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This startup wants to replace your Zoom meetings with holograms

Matsuko is among a growing group of companies developing hologram technology to make virtual meetings and presentations feel more lifelike.

This startup wants to replace your Zoom meetings with holograms
[Source photos: Eugene Mymrin/Getty Images; Inna Skosyreva/Unsplash; Emily Bernal/Unsplash; SIMON LEE/Unsplash; Israel Piña]

Zoom fatigue is overwhelming for a lot of people these days. And meetings in the metaverse, so far, have seemed more like playing a reheated version of Second Life. But the use of holograms could make remote meetings a lot more interesting in the years to come.

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At this year’s South by Southwest conference, a startup founded by an AI researcher and a veteran of Ubisoft, is looking to bring the technology a step closer to the mainstream. Matsuko, a finalist in this year’s Extended Reality & Immersive Technology category at SXSW Pitch, has created a real-time hologram-meeting app that looks to make remote video meetings feel more like IRL conversations by using 3D holograms. And all you need to make it work: an iPhone and the company’s app.

“If these past two years have shown us anything, it is that as humans we need each other’s presence,” said Maria Vircikova, cofounder and CEO of Matsuko. “And even though we have come a long way with remote communication, today’s tools are still way too distant. Our brain is wired for the third dimension, and we need a sensation of people physically being there.”

Vircikova, an AI researcher, and Matus Kirchmayer, a former programmer on the Assassin’s Creed video game (who also ran the AI Behaviors team on the first game), cofounded Matsuko in 2017 and have been working in stealth until just recently.

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[Image: courtesy of Matsuko]
The company started after the two attended a lecture given by Zoom CEO Eric Yuan and, in an ensuing conversation, realized their combined skills could build a 3D holographic technology that feels more real than talking to a computer screen.

The app lets people stream holographic images of themselves via their iPhone camera. Other meeting members, using the app and wearing XR glasses (or, soon, the Meta Quest 2) will be able to see the other party as if they were in the room (though the image is a bit jagged, much like when someone uses a virtual background on Zoom).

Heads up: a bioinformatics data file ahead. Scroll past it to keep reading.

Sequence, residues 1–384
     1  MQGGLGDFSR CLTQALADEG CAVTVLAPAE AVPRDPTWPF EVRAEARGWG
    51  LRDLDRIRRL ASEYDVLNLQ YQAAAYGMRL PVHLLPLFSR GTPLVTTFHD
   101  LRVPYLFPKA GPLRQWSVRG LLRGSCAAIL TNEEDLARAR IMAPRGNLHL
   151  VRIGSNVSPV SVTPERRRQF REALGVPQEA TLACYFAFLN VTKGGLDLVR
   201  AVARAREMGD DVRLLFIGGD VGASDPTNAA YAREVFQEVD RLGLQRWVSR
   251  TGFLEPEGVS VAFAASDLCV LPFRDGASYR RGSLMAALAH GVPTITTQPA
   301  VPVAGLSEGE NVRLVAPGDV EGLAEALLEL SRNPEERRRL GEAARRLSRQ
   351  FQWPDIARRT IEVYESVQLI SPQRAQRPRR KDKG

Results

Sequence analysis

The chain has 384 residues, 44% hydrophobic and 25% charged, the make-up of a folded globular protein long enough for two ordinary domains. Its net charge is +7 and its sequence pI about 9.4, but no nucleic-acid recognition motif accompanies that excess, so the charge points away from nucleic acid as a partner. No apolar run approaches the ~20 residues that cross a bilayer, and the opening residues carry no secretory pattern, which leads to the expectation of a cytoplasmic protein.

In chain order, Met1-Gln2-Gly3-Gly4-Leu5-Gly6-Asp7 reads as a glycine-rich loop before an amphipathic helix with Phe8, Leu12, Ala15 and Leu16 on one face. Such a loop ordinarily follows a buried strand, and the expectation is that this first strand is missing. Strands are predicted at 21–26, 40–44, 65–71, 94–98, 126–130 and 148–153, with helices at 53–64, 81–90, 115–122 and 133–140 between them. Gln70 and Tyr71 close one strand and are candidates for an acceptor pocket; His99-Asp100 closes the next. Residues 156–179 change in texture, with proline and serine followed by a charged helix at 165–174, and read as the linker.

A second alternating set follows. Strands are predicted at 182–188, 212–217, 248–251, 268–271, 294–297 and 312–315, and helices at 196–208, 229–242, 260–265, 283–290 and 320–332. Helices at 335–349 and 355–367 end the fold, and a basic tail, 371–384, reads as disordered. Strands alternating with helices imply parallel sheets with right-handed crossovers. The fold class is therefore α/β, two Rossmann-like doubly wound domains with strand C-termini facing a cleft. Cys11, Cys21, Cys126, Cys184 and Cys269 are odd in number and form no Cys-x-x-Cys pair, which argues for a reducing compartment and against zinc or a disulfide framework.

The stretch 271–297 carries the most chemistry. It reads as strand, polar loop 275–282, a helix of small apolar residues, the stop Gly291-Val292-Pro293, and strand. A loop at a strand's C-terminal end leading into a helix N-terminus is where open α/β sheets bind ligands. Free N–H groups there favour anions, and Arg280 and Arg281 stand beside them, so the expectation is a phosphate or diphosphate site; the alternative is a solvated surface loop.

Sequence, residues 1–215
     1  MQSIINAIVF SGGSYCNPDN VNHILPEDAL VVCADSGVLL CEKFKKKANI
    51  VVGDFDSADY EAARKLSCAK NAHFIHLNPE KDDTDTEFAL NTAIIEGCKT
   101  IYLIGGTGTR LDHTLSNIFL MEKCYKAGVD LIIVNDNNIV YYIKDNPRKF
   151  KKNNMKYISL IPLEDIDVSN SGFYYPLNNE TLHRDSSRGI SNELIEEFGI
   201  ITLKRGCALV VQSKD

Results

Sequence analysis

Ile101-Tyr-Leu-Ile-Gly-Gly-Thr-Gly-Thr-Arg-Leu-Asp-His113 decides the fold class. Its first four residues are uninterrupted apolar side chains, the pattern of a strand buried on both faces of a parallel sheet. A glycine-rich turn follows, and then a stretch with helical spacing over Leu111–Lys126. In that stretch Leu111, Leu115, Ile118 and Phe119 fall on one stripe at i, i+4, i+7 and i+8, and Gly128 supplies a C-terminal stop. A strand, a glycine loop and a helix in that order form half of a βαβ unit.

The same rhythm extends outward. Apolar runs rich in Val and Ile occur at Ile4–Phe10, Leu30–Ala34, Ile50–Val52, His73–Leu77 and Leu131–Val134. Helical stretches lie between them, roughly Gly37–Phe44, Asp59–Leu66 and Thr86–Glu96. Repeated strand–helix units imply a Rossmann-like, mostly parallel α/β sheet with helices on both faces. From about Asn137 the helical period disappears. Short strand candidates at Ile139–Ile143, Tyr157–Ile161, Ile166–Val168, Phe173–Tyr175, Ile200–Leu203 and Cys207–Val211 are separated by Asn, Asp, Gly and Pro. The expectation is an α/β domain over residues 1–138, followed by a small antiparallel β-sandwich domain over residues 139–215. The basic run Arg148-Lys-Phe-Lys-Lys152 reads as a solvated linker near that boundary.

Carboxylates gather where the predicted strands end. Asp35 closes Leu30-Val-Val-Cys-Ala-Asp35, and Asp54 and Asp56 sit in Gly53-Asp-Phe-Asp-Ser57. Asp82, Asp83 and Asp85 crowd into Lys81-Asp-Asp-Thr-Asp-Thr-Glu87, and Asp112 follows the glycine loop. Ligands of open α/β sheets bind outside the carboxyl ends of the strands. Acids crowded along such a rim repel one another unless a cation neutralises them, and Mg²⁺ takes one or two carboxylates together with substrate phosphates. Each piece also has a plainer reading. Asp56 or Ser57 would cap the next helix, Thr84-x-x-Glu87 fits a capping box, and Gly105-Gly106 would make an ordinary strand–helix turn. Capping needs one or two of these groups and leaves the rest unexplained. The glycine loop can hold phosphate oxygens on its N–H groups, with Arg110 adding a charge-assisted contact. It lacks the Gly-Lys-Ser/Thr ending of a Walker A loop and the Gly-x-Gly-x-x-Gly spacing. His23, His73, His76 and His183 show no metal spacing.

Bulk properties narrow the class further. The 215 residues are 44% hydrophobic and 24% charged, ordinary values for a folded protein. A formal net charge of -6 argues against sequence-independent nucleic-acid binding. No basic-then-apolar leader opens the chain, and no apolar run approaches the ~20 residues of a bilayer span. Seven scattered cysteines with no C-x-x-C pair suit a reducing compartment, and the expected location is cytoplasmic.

There’s been a recent surge of interest in holographic technology after photo-realistic holograms of deceased musicians were used at high-profile concerts and the London Olympics’ Closing Ceremony in 2012. As the pandemic has lowered resistance to virtual presentations, companies are looking for inventive ways to showcase themselves and their products. Several startups are exploring the space, along with teams at Google and Microsoft. 

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One, Portl, which is a finalist for the SXSW Innovation Awards and is on Fast Company’s Most Innovative Companies list, offers a seven-foot-high box that comes with a camera, light, microphone, and backdrop. Using those tools, someone can sit in a remote office and set up the camera and mic, ensure the lighting is good, then appear remotely wherever the box is set up. (It’s especially useful for convention meetings.)

Portl charges $65,000 for the entire system, which allows users to communicate without the use of headsets. (A tabletop version showing a smaller version of the other person goes for $5,000.) Bloomberg reports the company has raised $15 million to date and expects to sell 500 booths and 5,000 tabletop units this year.

Google, meanwhile, is working on Project Starline, a three-dimensional projection system that acts as a sort of “magic mirror” through which you can see someone, in another part of the world, life-size and in three dimensions. The company says it creates a sense of reality using a light-field-display system that creates a sense of volume and depth that can be experienced without glasses or headsets.

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Google’s project is still in the experimental phase and not available commercially, but the company hopes to bring some of the technical advancements into its communication products at a later date.

We’re still a long way from the holograms of science fiction films, but as more companies pursue the technology, it no longer looks like the stuff of pure fantasy.

Correction: An earlier version of this article listed an incorrect price for Portl’s system.

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About the author

Chris Morris is a veteran journalist with more than 30 years of experience. Learn more at chrismorrisjournalist.com.

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